Immunity card: Continue without a free ticket (neue-deutschland.de)

Healthy again after Covid-19 and now immune? The question remains open.

Survived Covid-19, got your immunity card and free life can start again: without a mask, without a travel and party ban? It is by no means that simple. At the end of April, when it came to the formulation and adoption of the Infection Protection Act, the topic of immunity card flickered briefly, combined with the promise that it would make it easier for health professionals to be deployed in critical areas. But even in spring there was a lot of uncertainty about the duration of immunity and when a vaccination would be available. Vaccination is a different topic, but its lack of it sets the framework for using such an immunity card.

This constellation probably motivated Minister of Health Jens Spahn (CDU) to commission the national ethics council, which was newly formed at the time, to deal with the issue of proof of immunity. But to this day, the acquisition of immunity after having suffered Covid 19 disease is considered unsafe. Effective antibodies disappeared from the blood of previously infected people within weeks, especially if they had no symptoms. Just a few days ago, such a finding was again delivered for a few hundred medical workers from the USA.

Because of these uncertainties, the entire Council agrees that the use of immunity certificates is not recommended at this point in time. The committee that otherwise advises the federal government on major ethical issues such as euthanasia, big data and genetic engineering also agrees on a second point. It advises over-the-counter tests to prove immunity to Sars-CoV-2 to be regulated more strictly – because of the dubious reliability and the resulting risk potential. The statement, a total of 53 pages, was presented in Berlin yesterday.

It becomes interesting where the positions within the ethics council differ from one another. However, this only applies to a situation in which immunity could be demonstrated with sufficient reliability. According to chairwoman Alena Buyx, the debate here became so controversial that those involved did not want to work out a compromise version, but preferred to make their differences transparent.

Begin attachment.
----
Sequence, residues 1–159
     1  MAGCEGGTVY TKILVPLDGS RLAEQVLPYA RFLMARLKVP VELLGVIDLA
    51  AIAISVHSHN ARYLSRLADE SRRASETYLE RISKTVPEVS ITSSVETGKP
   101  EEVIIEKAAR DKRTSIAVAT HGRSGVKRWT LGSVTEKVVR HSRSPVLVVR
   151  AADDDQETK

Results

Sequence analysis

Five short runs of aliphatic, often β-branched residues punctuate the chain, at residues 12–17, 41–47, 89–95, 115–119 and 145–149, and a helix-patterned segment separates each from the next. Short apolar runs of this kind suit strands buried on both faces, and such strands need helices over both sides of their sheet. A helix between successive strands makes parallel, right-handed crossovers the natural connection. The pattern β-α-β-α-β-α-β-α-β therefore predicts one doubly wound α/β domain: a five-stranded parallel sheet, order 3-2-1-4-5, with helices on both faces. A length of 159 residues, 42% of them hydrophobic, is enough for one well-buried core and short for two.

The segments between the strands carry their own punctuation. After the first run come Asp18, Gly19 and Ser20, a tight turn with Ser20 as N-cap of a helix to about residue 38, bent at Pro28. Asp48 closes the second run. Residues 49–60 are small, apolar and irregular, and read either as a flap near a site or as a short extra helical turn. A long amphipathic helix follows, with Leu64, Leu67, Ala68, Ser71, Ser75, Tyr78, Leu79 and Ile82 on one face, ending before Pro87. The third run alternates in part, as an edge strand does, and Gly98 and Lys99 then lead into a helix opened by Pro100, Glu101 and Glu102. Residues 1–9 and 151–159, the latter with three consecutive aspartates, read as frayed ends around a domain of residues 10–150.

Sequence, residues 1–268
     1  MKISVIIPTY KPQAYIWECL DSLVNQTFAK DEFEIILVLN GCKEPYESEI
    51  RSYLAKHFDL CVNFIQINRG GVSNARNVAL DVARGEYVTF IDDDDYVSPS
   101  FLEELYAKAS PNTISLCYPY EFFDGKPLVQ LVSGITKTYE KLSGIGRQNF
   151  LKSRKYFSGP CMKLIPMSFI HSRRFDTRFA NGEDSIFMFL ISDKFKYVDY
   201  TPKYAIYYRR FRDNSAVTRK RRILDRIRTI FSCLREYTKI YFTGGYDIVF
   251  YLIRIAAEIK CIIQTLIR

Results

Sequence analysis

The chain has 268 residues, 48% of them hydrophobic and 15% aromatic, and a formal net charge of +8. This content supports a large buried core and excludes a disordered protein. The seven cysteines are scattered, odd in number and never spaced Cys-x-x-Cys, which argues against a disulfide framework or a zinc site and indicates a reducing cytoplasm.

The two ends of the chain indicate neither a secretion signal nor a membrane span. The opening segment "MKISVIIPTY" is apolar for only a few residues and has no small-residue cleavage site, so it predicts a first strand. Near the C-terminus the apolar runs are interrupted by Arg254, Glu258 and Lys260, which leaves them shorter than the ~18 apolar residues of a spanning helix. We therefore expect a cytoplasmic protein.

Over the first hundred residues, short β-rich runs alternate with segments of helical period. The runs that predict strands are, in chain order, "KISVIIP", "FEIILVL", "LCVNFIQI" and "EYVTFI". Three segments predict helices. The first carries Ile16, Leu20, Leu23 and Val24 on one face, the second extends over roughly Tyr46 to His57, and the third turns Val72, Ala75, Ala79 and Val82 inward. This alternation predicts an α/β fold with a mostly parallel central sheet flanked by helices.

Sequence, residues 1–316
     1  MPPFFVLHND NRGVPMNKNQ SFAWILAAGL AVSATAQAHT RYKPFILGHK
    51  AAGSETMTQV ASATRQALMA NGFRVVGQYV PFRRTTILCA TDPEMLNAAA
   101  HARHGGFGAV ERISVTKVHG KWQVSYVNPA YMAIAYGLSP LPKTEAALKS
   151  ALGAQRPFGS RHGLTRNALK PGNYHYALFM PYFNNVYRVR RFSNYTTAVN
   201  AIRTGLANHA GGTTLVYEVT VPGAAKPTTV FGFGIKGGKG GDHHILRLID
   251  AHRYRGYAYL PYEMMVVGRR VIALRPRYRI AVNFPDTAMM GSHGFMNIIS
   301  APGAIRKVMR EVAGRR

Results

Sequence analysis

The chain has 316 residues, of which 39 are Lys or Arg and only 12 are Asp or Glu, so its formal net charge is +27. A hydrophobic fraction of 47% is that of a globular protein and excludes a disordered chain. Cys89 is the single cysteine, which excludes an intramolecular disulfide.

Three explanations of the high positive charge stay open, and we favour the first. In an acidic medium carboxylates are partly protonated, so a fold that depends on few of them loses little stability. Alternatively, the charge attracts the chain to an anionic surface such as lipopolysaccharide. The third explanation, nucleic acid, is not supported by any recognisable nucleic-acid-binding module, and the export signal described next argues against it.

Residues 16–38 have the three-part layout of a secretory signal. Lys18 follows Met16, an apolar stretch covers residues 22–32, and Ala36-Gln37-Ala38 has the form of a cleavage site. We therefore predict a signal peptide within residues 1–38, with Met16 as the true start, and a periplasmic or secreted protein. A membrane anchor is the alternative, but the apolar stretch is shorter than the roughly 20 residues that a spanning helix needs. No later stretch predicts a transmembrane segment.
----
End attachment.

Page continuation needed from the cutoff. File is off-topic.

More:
Half of the Council members could well imagine that such a document would serve well. At the same time, however, the application would have to be restricted, it should only be introduced “in stages, depending on the occasion and specific to the area”.

The other part of the Ethics Council rejects the use even if the scientific and technical prerequisites are better – for practical, ethical and legal reasons. This group was more skeptical about whether immunity could even be achieved safely, explained Judith Simon, a new member of the Ethics Council and a philosopher at the University of Hamburg. In addition, the use of an immunity card would probably lead to injustices in relation to individual rights and obligations: “Some are denied opportunities, others are made more responsible.” The latter has hardly been mentioned in the discussion so far these people would be used more professionally where there is a higher risk of infection. Regardless of whether the result would be more rights or more obligations, part of the ethics council fears that both will only increase existing disadvantages.

This group also sees too many consequential legal problems with such an ID card, such as its security against forgery. She therefore does not consider it responsible to invest resources here; these should rather benefit more promising measures. The spokesman for the working group on immunity certificates, Carl Friedrich Gethmann from the University of Siegen, pointed out a possible misunderstanding: “Even those who are immune must still wear a mask.” This also applies to protective clothing in hospitals.

Regardless of the sometimes different positions, the Ethics Council recommends in the current situation, among other things, to educate the population comprehensively about protection against infection for the common good. The Federal Center for Health Education could do that, but it should be done better and more precisely than before. Information should also be provided about the informative value of antibody tests.

Another recommendation is coordinated research into the coronavirus, especially its properties as a trigger for an infectious disease and immunity to it. Results from different federal states, institutes and clinics should be brought together in a targeted manner. Ethics Council Chairman Buyx made one more request to politics very clear: “It has to promote and objectify the discussion!” Never before has there been so much interest and commitment in a topic on the Ethics Council’s social media channels as now. The political debate should be continued in order to assess the risks again and again and to maintain proportionality when restricting freedoms.

.

Leave a Comment

This site uses Akismet to reduce spam. Learn how your comment data is processed.